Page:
NutriSource Grain Free Dog Food receives the Advisor’s mid-tier rating of 3.5 stars.
The NutriSource Grain Free product line lists 17 dry dog foods.
Each recipe below includes its related AAFCO nutrient profile when available on the product’s official webpage: Growth, Maintenance, All Life Stages, Supplemental or Unspecified.
Important: Because many websites do not reliably specify which Growth or All Life Stages recipes are safe for large breed puppies, we do not include that data in this report. Be sure to check actual packaging for that information.
Use the links below to check prices and package sizes at an online retailer.
- NutriSource Grain Free Senior [M]
- NutriSource Grain Free Seafood Select [A]
- NutriSource Grain Free Woodlands Select (3 stars) [A]
- NutriSource Grain Free Large Breed Puppy [U]
- NutriSource Grain Free Prairie Select (3 stars) [A]
- NutriSource Grain Free Small Bites Seafood Select [A]
- NutriSource Grain Free Chicken and Pea [A]
- NutriSource Grain Free Heartland Select (3 stars) [A]
- NutriSource Grain Free High Plains Select [A]
- NutriSource Grain Free Large Breed Chicken and Pea [A]
- NutriSource Grain Free Small Bites Woodlands Select (3 stars) [A]
- NutriSource Grain Free Weight Management [M]
- NutriSource Grain Free Lamb Meal and Peas [A]
- NutriSource Grain Free Small Bites Chicken and Pea [A]
- NutriSource Grain Free Small Bites High Plains Select [A]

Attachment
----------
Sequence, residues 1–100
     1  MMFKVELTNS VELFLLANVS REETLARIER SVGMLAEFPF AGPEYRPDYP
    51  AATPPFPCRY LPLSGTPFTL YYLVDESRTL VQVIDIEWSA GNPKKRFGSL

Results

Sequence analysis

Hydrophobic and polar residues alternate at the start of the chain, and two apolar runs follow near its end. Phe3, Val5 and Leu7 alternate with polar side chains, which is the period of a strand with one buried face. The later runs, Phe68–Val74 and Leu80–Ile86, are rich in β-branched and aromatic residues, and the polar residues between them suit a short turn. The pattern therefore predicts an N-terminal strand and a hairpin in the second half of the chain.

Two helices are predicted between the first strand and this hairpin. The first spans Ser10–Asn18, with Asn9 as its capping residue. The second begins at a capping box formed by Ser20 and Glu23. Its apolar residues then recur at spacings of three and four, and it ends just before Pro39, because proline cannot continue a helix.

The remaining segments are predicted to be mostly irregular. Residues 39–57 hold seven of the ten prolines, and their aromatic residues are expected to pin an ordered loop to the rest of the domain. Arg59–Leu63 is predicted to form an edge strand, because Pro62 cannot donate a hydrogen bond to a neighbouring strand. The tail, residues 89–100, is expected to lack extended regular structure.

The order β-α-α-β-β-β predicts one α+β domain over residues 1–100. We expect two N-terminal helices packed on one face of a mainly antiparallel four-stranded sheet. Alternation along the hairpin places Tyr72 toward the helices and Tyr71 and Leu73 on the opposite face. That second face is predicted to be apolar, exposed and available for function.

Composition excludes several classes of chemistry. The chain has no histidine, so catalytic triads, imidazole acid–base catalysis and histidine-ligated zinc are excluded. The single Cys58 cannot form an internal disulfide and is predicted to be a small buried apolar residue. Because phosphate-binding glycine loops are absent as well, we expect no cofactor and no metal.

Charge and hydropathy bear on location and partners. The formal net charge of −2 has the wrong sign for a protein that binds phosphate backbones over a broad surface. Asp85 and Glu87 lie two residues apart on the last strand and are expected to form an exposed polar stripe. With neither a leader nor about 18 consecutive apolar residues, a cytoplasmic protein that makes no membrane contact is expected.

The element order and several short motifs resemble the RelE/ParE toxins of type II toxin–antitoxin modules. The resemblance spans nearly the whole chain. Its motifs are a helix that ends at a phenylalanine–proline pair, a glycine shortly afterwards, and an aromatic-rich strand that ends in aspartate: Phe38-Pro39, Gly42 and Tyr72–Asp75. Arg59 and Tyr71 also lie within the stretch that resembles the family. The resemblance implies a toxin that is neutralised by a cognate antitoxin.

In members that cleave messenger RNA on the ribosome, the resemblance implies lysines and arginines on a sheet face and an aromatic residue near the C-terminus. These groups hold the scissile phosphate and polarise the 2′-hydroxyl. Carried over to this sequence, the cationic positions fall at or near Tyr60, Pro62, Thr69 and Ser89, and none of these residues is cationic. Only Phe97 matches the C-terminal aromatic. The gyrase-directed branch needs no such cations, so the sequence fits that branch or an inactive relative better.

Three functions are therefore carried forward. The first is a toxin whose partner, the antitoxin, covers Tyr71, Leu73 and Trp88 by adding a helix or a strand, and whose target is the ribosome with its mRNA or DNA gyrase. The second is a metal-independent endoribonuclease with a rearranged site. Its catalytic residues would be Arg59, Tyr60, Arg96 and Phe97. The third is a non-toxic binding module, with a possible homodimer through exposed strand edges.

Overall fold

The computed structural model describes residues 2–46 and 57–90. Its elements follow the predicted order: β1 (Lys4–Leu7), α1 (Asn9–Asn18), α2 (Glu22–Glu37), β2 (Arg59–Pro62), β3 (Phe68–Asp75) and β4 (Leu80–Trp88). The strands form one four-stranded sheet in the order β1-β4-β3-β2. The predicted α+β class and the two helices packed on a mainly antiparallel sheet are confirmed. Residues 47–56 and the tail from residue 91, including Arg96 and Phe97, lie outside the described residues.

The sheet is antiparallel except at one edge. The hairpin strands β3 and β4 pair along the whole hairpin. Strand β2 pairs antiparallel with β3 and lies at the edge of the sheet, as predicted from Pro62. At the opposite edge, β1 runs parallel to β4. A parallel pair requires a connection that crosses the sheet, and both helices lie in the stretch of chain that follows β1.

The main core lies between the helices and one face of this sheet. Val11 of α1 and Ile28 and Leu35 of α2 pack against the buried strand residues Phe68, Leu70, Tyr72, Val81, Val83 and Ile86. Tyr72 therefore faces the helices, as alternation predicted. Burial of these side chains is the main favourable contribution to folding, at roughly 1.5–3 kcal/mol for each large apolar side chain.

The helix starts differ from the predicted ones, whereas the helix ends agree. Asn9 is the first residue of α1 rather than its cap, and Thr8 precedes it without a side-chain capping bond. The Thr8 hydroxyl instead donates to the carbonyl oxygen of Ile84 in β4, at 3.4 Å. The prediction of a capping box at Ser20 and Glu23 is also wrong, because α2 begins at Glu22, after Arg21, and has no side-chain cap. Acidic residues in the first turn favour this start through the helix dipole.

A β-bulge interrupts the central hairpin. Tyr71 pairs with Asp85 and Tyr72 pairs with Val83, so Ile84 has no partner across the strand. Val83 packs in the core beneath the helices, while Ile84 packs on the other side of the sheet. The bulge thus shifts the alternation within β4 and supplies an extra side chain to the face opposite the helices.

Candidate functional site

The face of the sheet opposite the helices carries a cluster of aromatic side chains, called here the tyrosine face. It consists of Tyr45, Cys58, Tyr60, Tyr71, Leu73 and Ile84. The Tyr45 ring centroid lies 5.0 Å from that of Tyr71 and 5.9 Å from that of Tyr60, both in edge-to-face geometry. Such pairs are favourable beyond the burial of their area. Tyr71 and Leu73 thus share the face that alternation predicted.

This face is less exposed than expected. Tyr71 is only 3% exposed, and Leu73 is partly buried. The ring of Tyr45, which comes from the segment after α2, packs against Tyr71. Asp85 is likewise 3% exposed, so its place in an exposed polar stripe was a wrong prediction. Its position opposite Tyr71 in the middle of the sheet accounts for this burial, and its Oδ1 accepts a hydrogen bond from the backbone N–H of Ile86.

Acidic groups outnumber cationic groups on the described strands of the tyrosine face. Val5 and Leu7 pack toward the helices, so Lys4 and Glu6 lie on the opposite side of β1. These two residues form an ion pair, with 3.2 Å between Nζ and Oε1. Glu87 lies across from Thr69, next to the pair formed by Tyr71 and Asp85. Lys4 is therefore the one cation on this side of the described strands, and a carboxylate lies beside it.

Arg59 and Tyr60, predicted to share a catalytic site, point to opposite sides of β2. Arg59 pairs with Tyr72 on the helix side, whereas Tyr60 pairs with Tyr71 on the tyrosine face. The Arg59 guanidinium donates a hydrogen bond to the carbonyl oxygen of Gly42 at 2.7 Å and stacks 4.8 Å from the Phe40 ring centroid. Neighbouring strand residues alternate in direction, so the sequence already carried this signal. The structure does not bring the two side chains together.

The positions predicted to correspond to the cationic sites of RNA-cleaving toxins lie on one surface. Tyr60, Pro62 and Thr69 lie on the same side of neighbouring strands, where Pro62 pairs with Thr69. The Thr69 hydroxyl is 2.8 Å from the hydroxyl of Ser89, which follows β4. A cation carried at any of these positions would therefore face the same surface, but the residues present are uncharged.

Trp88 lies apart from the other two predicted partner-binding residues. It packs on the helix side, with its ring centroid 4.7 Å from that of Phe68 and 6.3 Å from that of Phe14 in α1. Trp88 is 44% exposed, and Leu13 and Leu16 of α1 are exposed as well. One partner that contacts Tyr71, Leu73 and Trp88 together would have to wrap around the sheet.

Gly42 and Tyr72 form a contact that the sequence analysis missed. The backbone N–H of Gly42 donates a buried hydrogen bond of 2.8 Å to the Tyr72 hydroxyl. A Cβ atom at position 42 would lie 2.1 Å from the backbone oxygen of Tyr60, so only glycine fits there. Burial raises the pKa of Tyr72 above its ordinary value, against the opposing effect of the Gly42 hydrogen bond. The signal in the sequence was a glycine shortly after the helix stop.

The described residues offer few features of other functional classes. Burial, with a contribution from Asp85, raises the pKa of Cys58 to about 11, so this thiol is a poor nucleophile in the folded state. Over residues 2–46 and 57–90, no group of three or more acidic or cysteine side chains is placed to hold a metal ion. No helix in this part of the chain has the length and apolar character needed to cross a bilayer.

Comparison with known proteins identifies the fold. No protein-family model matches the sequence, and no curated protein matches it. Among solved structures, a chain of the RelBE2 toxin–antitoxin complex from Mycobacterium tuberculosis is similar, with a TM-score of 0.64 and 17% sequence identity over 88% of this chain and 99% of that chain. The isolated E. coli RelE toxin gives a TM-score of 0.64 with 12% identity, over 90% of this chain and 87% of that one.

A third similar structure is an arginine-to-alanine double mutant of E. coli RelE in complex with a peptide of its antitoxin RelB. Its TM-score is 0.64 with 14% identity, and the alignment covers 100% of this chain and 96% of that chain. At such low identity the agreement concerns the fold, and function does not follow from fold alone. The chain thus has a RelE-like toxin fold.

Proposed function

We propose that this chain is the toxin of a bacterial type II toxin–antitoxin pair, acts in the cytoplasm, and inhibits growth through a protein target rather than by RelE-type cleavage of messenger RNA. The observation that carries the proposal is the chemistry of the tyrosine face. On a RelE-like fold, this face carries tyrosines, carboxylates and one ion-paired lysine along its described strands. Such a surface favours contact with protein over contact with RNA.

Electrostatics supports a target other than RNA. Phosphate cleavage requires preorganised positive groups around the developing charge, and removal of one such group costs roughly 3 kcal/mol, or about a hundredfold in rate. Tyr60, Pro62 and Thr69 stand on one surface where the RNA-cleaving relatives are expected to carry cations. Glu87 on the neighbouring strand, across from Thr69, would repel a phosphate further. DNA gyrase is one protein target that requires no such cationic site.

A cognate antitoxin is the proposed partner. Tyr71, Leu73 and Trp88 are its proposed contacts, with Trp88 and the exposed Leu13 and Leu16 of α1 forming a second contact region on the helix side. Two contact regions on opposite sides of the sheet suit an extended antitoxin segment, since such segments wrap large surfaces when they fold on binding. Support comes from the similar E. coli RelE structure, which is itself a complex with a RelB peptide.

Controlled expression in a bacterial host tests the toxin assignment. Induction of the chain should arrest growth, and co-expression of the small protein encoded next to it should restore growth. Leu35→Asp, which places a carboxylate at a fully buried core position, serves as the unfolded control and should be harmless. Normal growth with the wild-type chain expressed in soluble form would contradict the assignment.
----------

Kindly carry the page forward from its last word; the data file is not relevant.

- NutriSource Grain Free Small and Medium Breed Puppy (4 stars) [U]
- NutriSource Grain Free Large Breed Lamb Meal and Peas (3 stars)
NutriSource Grain Free Small Bites Woodlands Select was selected to represent the other products in the line for this review.
NutriSource Grain Free Small Bites Woodlands Select
Dry Dog Food
Estimated Dry Matter Nutrient Content
Ingredients: Wild boar, turkey, turkey meal, menhaden fish meal, green lentils, red lentils, garbanzo beans, sunflower meal, sunflower oil tapioca starch, chia seed, dried tomato pomace, dicalcium phosphate, natural flavor, salt, dried brewers yeast, potassium chloride, choline chloride, minerals (zinc proteinate, iron proteinate, copper proteinate, manganese proteinate, cobalt proteinate, selenium yeast), vitamins (vitamin A acetate, vitamin D3 supplement, vitamin E supplement, niacin, d-calcium pantothenate, thiamine mononitrate, pyridoxine hydrochloride, riboflavin supplement, folic acid, biotin, vitamin B12 supplement), lactic acid, preserved with mixed tocopherols and citric acid, glucosamine hydrochloride, l-ascorbyl-2-polyphosphate (source of vitamin C), chondroitin sulfate, Yucca schidigera extract, taurine, calcium iodate, rosemary extract, yeast culture (Saccharomyces cerevisiae), dried Lactobacillus acidophilus fermentation product, dried Enterococcus faecium fermentation product, dried Aspergillus niger fermentation extract, dried Trichoderma longibrachiatum fermentation extract, dried Bacillus subtilis fermentation extract
Fiber (estimated dry matter content) = 7.8%
Red denotes controversial item
|Estimated Nutrient Content|
|Dry Matter Basis||29%||18%||45%|
|Calorie Weighted Basis||25%||37%||39%|
The first ingredient in this dog food is boar, an animal closely related to wild pig. Although it is a quality item, raw boar contains up to 73% water. After cooking, most of that moisture is lost, reducing the meat content to just a fraction of its original weight.
After processing, this item would probably account for a smaller part of the total content of the finished product.